Progress of score:

  • 5-5 after 10 innings
  • 5-5 after 11 innings
  • 6-5 to Chinese Taipei after 12 innings

 Tactics for visitors:

  • #2 leading off in 11th; sacrifice bunt in 11th; swing away in 12th

 Tactics for home team:

  • #3 leading off in 11th 

 

United States @ Japan, 20 August 2008, start time 19:00

Progress of score:

  • 0-0 after 10 innings
  • 4-2 to United States after 11 innings 

Tactics for visitors:

  • #1 leading off in 11th; swing away in 11th

Tactics for home team:

  • #3 leading off in 11th

 

3 Responses to A review of the extra-innings rule in the 2008 Olympic baseball tournament

  1. Matt Smith August 28, 2008 at 10:07 pm #

    As you say Joe, it’s a small sample size to work from, but there’s some interesting stuff in there nonetheless.

    The one limitation we have when looking at the play by play for these games is that we don’t know the qualities of the batters involved. The manager (you would hope) will match the situation with the player who has the best skills to execute the desired play. Maybe, for example, Chinese Taipei followed the traditional batting order thinking of putting a good bunter in the #2 spot? That would seem to match up with the evidence that they picked the #2 batter to sacrifice.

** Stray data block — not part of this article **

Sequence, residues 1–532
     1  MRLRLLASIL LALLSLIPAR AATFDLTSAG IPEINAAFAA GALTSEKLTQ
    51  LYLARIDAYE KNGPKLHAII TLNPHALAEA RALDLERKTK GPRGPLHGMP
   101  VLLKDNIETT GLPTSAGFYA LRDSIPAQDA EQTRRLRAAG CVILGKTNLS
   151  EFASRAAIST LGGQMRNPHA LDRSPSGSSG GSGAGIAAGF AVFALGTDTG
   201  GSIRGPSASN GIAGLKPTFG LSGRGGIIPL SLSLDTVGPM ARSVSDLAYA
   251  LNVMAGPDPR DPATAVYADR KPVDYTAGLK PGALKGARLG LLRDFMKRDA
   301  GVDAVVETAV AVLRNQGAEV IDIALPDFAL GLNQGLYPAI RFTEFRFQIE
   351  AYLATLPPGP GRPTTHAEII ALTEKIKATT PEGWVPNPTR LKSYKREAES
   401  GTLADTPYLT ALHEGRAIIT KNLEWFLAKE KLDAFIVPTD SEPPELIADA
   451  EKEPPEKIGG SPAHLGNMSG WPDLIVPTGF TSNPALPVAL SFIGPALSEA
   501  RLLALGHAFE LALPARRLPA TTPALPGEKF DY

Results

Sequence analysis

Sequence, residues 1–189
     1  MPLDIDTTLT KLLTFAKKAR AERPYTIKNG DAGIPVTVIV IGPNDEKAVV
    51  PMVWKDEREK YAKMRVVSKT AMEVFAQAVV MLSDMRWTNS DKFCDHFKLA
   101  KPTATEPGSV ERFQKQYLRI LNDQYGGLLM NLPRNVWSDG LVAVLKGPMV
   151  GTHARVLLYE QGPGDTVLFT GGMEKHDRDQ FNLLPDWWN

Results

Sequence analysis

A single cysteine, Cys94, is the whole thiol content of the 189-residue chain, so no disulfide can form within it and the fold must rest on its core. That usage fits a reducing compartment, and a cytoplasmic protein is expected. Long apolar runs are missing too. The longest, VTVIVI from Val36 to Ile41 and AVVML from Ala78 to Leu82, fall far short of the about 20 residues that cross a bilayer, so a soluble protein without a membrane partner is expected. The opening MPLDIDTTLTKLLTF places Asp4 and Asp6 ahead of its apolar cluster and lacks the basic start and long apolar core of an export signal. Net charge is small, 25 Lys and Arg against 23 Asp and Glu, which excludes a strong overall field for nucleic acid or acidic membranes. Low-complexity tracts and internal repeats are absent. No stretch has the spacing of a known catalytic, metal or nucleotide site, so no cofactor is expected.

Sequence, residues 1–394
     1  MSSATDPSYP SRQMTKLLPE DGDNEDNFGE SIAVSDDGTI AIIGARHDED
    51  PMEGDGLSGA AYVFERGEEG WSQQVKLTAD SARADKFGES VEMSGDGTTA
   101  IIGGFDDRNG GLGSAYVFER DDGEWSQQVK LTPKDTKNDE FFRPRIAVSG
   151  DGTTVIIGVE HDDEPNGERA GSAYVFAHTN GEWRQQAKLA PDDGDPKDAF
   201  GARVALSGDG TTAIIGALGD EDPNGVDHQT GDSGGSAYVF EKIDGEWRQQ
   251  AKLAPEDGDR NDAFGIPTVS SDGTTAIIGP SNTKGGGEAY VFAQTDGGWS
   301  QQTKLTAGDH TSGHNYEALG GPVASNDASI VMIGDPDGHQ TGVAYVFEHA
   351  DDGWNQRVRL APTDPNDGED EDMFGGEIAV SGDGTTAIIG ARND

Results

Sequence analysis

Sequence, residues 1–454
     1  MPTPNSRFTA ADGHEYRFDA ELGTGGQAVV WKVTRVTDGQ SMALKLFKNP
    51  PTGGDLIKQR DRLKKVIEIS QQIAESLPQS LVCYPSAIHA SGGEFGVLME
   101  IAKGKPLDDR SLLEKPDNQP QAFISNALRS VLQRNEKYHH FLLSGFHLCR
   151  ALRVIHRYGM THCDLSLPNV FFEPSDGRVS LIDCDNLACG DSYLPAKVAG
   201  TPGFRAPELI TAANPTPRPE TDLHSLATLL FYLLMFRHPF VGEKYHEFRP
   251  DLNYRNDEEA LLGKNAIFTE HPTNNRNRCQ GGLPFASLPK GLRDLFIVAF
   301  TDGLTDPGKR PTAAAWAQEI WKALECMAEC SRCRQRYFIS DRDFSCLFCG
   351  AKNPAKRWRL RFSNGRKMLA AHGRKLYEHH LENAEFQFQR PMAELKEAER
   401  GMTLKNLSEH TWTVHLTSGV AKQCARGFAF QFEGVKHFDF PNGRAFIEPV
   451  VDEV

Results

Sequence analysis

The tactics employed are a fascinating part of the new rule, although there’s a part of me that thinks it just ends up being a crapshoot.

    The key point I think is that the IBAF wanted to introduce a rule to stop games going on and on and the evidence from these five games is that, on those grounds, the rule change was a success. Personally, I’m glad that it wasn’t needed to decide the semi-finals and bronze/gold medal games though.

  2. Joe Gray August 28, 2008 at 10:28 pm #

    Good point. With a huge sample, you would hope that individual differences would be swamped by the average, and so you could say that the #3 hitter was better than the #2 hitter for instance, assuming traditional line-up construction, but with what we have there is no real way of telling. Your point is particularly important since the line-up constructions by the time the game reaches its 11th inning will probably fit the traditional mould less than at the start of the game.

    I bet Canada A versus Canada B could have taken the game into the 13th inning, or perhaps even beyond.

Trackbacks/Pingbacks

  1. BaseballGB » Blog Archive » Olympic Baseball 2008 – In Review - September 26, 2009

    […] advantage or disadvantage depending on whether they are the home or away side (Note: Joe took a closer look at the extra innings rule on […]

Leave a Reply

Powered by WordPress. Designed by Woo Themes